Impartial death confounds body and soul.
For Hell and the foul fiend that rules
God's everlasting fiery jails
(Devised by rogues, dreaded by fools),
With his grim, grisly dog that keeps the door,
Are senseless stories, idle tales,
Dreams, whimsey's, and no more. 

Was it a desire to shock?  Or a compulsion to honesty so intense it became perverse?  As the character of Wilmot says in the film, "I don't mean to upset people, but I must speak my mind. For what's in my mind is far more interesting than what's outside my mind."  Though whether what was in his mind was as interesting to the rest of us is, of course, entirely subjective.
Ellicott Cemetery, Ellicott City MD

Spent a rainy January afternoon today wandering cemeteries outside of Baltimore, then reading Sherlock Holmes while chewing on mussels at Bertha's.  If you're a Holmes purist like I am, don't bother with the new Guy Ritchie/Robert Downey Jr. film unless you can convince yourself that it's not really Sherlock Holmes, it's just an action flick set in Victorian London with characters who solve crimes and share the same names as Conan Doyle's creations.  Just go back and re-read the stories.  Or, watch for the Granada TV series starring Jeremy Brett on public television.

Came home to follow a blog post from The Crow to Sam&Sara Motel and thence to She Is (best. URL. ever.).  Probably not the direction that was intended from the original post, but thoroughly appropriate to my mood.  The images at the latter two put me in mind of Maynard James Keenan and A Perfect Circle, which is fitting after being in Baltimore earlier.

Driving from Ellicott City through Catonsville and into western B'more, there were so many images I was dying to stop and photograph. So much of the architecture in these neighborhoods indicates that their hey-day was during the early decades of the 20th century. There's so much terrific detail to so many of the rowhouses, individual homes, and storefronts that, though bordering on decrepit now, it's obvious that these areas were once beautiful, vibrant places to live. I get excited at the things I see driving by and want to stop and capture them, save images of them before it's too late, but these are not necessarily appropriate neighborhoods for me be wandering around with a camera. Sure, the idea of being mugged crosses my mind, but it's more a matter of consideration and delicacy. A friend with whom I rode the Gwynns Fall trail summed it up well when we stopped in one of the grittier neighborhoods to snap a shot: Traveling through these neighborhoods is not visiting the zoo.  She's very right.  I would not ever want to offend anyone who lives in such areas by "playing tourist". They live with the grime and crime and grim reality of it. Would my recording the sights that catch my eye in these areas be a compliment or an insult to them? There can be beauty in decay, but do you see it if you're stuck in it every day?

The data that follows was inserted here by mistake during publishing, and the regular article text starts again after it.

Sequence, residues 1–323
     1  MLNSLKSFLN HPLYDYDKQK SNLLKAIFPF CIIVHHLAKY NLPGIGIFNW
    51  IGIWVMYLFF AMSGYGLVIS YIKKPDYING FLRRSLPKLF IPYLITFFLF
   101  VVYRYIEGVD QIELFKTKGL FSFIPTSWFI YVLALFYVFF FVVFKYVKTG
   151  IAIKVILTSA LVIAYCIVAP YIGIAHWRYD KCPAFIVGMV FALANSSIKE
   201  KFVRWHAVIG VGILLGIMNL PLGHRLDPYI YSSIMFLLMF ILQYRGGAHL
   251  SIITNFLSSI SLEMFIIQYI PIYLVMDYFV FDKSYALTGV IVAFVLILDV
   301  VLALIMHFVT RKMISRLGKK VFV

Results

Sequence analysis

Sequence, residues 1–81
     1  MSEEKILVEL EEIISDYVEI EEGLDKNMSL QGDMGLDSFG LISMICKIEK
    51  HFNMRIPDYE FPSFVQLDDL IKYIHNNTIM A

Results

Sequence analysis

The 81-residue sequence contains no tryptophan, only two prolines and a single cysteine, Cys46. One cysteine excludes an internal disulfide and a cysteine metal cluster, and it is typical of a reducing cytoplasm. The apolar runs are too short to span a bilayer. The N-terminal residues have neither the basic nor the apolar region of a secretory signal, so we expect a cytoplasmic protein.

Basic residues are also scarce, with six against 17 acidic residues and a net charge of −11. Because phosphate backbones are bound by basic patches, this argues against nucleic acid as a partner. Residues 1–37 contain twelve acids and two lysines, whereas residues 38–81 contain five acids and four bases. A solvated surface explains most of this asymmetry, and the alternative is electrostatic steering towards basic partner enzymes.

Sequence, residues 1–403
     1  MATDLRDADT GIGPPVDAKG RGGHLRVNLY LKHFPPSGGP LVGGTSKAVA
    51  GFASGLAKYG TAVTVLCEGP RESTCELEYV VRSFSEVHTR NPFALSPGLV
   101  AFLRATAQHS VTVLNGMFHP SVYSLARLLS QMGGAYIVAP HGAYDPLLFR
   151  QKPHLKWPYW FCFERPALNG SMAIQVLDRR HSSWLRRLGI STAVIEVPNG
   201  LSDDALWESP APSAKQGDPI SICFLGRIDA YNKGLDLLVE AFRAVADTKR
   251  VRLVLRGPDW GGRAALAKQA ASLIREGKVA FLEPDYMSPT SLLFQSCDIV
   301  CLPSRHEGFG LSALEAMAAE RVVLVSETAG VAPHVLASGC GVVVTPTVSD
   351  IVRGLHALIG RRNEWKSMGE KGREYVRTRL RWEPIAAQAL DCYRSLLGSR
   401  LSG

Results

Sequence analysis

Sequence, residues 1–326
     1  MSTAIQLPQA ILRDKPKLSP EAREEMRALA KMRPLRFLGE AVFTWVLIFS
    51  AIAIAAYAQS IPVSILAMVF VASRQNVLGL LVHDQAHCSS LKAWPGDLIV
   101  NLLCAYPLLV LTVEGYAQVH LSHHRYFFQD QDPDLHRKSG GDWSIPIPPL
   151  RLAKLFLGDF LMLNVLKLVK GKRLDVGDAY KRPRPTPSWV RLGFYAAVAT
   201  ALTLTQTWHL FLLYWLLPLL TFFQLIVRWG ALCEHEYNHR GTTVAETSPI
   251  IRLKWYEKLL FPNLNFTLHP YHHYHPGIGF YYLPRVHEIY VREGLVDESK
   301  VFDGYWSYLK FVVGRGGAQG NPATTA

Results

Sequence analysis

If I should be short on words
And long on things to say,
Could you crawl into my world
And take me worlds away?*

* Chris Cornell, Seasons

January 1, 2010

It's not dead...

...it's just moribund.  There's only one truth I know, and that's that life is a series of cycles.  The slump I'm in now is sure to eventually spiral back around to something more lively.  In the meantime, I keep having ideas of things to babble about here in blog-land, but when I begin to explore and flesh them out, I find that I really don't want to think that hard.

I'm gonna go watch tv.  Hopefully you'll still be here when I get back.